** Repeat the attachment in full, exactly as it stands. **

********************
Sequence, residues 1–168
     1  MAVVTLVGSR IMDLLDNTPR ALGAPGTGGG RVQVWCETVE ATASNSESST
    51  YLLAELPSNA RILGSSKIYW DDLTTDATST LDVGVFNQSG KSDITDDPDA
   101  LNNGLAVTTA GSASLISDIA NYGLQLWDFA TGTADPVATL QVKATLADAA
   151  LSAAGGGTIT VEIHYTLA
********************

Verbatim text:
Sequence, residues 1–168
     1  MAVVTLVGSR IMDLLDNTPR ALGAPGTGGG RVQVWCETVE ATASNSESST
    51  YLLAELPSNA RILGSSKIYW DDLTTDATST LDVGVFNQSG KSDITDDPDA
   101  LNNGLAVTTA GSASLISDIA NYGLQLWDFA TGTADPVATL QVKATLADAA
   151  LSAAGGGTIT VEIHYTLA